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From Icon to Mirror of the Soul: Therapeutic Exchanges with the Man of Sorrows in Medieval and Renaissance Art

From Icon to Mirror of the Soul: Therapeutic Exchanges with the Man of Sorrows in Medieval and Renaissance Art
125 Queens Park, Room 301
Time: Jan 19th, 4:00 pm End: Jan 19th, 6:00 pm
Interest Categories: Visual Studies (UTM), Religion, Study of (FAS), Philosophy (UTSC), Philosophy (UTM), Philosophy (FAS), Medieval Studies (FAS), Jewish Studies, History (FAS), Historical Studies (UTM), English and Drama (UTM), English (UTSC), English (FAS), Communication, Culture, Information and Technology (UTM), Classics (FAS), Book History/Print Culture, Art (FAS), Architecture, Landscape, Design, 400-1200, 1500-1800, 1200-1500
Lecture by Mitchell Merback, Johns Hopkins University

The Centre for Medieval Studies is pleased to present:

Mitchell Merback, Department of Art, The Johns Hopkins University

From Icon to Mirror of the Soul: Therapeutic Exchanges with the Man of Sorrows in Medieval and Renaissance Art

Known from its earliest appearance in the Latin west as the imago pietatis, the "image of loving pity," the European Man of Sorrows captures in a single figure the paradox of the living God who died on the Cross. Its origins as an eastern icon-type; its transformation into a western image styled for mystical contemplation; and its reformulation for an array of novel contexts have all become well-worn subjects for art historians, but the abundance of scholarship has resulted in a fragmented view, one that also reflects a contemporary profusion of competing and contradictory conceptions of what images are, and how they function. Offering one way out of the current cul-de-sac, this lecture maps and explores the major functional contexts into which the Man of Sorrows was enlisted across its long history prior to the Reformation. The purpose is to present a new interpretation, one that conceives the image's changing functional forms in terms of ritual metaphors of exchange, gift-giving and reciprocal offering. Without denying that other devotional and cultic image-types could likewise structure ritual reciprocities, this lecture proposes to see the Man of Sorrows image, in its many variants, as uniquely fitted for the task by virtue of its unique range of visual metaphors. Ritual interactions with the Man of Sorrows may have been idealized in terms of mystical aspiration, but they were structured by concrete expectations of therapeutic benefit -- therapies for the heart, the soul, the body, the religious conscience, indeed, the entire human personality.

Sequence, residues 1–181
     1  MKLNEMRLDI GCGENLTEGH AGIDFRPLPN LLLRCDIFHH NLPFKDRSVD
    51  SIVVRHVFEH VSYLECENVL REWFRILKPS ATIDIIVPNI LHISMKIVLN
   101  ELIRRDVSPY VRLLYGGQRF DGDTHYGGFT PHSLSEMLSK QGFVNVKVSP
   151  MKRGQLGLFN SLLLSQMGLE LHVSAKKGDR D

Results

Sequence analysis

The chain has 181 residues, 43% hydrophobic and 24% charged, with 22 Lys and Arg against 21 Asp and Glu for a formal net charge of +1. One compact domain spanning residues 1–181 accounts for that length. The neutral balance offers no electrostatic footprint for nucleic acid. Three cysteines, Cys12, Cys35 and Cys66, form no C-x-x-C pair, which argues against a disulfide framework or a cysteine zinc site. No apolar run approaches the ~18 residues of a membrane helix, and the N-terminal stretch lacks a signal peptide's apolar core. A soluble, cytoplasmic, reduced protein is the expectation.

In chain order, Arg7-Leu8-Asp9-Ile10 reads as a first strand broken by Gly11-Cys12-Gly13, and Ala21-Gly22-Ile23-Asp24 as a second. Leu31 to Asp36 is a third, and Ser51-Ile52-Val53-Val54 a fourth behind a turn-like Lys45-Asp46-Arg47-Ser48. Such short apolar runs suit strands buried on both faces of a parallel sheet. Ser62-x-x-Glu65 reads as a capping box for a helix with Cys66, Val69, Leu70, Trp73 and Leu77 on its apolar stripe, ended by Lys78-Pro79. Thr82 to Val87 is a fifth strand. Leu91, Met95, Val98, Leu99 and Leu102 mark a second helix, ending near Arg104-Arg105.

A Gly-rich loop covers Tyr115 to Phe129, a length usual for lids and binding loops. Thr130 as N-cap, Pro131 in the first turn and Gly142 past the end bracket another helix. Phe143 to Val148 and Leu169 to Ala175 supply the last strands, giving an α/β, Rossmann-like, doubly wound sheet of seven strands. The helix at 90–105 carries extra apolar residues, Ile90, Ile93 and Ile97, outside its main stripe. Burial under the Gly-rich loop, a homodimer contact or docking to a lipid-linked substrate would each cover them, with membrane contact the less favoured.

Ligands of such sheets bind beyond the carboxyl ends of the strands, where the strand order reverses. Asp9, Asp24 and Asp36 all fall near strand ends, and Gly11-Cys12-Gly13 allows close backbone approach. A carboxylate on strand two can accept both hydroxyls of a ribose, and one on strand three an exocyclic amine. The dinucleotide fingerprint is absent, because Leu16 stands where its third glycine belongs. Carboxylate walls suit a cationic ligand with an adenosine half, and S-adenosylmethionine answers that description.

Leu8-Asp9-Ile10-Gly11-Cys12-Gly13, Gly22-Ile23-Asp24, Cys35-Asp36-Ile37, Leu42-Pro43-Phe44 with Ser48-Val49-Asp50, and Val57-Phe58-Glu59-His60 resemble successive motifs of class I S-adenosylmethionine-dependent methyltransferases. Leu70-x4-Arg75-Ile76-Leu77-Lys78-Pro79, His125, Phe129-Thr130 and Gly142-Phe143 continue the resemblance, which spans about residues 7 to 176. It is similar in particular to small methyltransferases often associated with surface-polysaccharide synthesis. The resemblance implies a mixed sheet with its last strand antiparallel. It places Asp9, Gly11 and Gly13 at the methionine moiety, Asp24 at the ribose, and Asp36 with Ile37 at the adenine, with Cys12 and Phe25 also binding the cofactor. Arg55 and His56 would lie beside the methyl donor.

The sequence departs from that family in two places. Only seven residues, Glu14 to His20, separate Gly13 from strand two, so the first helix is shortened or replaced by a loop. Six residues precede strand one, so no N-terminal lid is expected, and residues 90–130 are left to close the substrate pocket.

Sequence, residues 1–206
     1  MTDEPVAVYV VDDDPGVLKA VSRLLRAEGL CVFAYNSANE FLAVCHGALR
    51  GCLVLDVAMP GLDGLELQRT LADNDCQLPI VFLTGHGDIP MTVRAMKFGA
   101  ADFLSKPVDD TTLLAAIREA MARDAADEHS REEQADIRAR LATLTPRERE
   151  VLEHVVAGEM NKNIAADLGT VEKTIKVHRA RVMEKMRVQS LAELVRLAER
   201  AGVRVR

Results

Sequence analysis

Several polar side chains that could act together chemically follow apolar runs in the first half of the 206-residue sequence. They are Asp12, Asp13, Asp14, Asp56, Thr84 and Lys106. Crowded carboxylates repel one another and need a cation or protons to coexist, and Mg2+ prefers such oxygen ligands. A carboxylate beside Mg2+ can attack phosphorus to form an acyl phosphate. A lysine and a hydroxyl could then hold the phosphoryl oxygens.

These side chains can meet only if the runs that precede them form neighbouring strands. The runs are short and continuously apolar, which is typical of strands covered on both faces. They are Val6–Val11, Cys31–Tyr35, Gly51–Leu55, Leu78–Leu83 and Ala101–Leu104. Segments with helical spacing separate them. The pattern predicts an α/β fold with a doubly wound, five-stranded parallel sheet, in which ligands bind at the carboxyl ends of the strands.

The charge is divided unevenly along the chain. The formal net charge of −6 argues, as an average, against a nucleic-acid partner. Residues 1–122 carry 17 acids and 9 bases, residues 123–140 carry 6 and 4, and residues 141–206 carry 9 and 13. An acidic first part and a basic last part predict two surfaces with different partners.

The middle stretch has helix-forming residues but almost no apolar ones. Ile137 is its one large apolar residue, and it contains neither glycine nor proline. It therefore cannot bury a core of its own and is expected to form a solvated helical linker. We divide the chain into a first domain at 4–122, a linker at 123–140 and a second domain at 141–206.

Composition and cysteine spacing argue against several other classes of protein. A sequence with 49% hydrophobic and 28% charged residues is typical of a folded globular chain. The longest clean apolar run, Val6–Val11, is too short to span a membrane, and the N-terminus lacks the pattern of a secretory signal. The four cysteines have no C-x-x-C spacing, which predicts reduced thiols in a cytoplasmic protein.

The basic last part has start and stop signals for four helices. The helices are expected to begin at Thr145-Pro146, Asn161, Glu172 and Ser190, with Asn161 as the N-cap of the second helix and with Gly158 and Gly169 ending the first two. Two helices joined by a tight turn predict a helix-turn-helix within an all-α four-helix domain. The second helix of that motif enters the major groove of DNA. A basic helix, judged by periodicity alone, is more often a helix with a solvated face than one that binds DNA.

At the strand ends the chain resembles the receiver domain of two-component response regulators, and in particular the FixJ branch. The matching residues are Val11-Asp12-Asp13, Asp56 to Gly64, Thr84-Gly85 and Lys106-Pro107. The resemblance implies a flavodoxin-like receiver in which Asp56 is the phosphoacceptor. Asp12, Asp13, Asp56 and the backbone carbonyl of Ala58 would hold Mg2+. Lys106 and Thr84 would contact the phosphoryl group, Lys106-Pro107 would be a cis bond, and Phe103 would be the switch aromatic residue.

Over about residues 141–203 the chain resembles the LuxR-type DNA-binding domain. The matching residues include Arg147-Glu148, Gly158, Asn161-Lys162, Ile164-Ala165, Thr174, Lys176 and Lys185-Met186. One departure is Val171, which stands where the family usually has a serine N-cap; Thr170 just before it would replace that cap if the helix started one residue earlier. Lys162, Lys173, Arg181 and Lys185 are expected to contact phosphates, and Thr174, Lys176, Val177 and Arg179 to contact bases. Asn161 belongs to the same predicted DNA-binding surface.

Mitchell Merback is Associate Professor of the History of Art at the Johns Hopkins University in Baltimore. Specializing in northern  European art of the later Middle Ages and Renaissance, he is the  author of The Thief, the Cross and the Wheel: Pain and the Spectacle  of Punishment in Medieval and Renaissance Europe (1999); and editor of  Beyond the Yellow Badge: Anti-Judaism and Antisemitism in Medieval and  Early Modern Visual Culture (2008). His new book, Pilgrimage and Pogrom: From Violence to Memory at the Host-Miracle Shrines of Germany and Austria, is forthcoming from the University of Chicago Press in winter 2013.

This lecture is free and open to the public.  Seating is available on a first-come, first-served basis.  For further information, please contact the Centre for Medieval Studies at (416) 978-4884.

Professor Merback will also lead a seminar titled Radical in the Making: Sources and Strategies of Sebald Beham's Devotional Graphics, 1518-21 on Friday 20 January at 10:00 a.m. in 125 Queens Park room 301.  Readings for this seminar are availale upon request from medieval.studies@utoronto. ca.

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